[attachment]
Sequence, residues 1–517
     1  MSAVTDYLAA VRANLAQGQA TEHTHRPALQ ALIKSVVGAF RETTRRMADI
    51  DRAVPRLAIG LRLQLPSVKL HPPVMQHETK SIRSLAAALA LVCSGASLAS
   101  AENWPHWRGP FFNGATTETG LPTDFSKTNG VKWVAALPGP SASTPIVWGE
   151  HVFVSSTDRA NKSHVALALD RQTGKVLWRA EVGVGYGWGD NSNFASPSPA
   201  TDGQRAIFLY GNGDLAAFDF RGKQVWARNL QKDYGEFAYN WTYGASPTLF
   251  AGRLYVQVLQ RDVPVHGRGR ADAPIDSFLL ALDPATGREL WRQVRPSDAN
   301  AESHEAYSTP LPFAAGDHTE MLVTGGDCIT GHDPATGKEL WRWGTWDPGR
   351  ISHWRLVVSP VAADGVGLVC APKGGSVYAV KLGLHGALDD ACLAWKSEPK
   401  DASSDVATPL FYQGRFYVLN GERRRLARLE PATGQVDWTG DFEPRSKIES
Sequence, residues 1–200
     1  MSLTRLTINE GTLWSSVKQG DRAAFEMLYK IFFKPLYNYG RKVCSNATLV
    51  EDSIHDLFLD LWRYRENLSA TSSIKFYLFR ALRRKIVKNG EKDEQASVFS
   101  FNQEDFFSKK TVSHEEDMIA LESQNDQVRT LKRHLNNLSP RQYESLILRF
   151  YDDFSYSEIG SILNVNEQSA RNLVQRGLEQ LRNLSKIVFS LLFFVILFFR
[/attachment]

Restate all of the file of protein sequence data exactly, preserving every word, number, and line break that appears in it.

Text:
Sequence, residues 1–517
     1  MSAVTDYLAA VRANLAQGQA TEHTHRPALQ ALIKSVVGAF RETTRRMADI
    51  DRAVPRLAIG LRLQLPSVKL HPPVMQHETK SIRSLAAALA LVCSGASLAS
   101  AENWPHWRGP FFNGATTETG LPTDFSKTNG VKWVAALPGP SASTPIVWGE
   151  HVFVSSTDRA NKSHVALALD RQTGKVLWRA EVGVGYGWGD NSNFASPSPA
   201  TDGQRAIFLY GNGDLAAFDF RGKQVWARNL QKDYGEFAYN WTYGASPTLF
   251  AGRLYVQVLQ RDVPVHGRGR ADAPIDSFLL ALDPATGREL WRQVRPSDAN
   301  AESHEAYSTP LPFAAGDHTE MLVTGGDCIT GHDPATGKEL WRWGTWDPGR
   351  ISHWRLVVSP VAADGVGLVC APKGGSVYAV KLGLHGALDD ACLAWKSEPK
   401  DASSDVATPL FYQGRFYVLN GERRRLARLE PATGQVDWTG DFEPRSKIES
Sequence, residues 1–200
     1  MSLTRLTINE GTLWSSVKQG DRAAFEMLYK IFFKPLYNYG RKVCSNATLV
    51  EDSIHDLFLD LWRYRENLSA TSSIKFYLFR ALRRKIVKNG EKDEQASVFS
   101  FNQEDFFSKK TVSHEEDMIA LESQNDQVRT LKRHLNNLSP RQYESLILRF
   151  YDDFSYSEIG SILNVNEQSA RNLVQRGLEQ LRNLSKIVFS LLFFVILFFR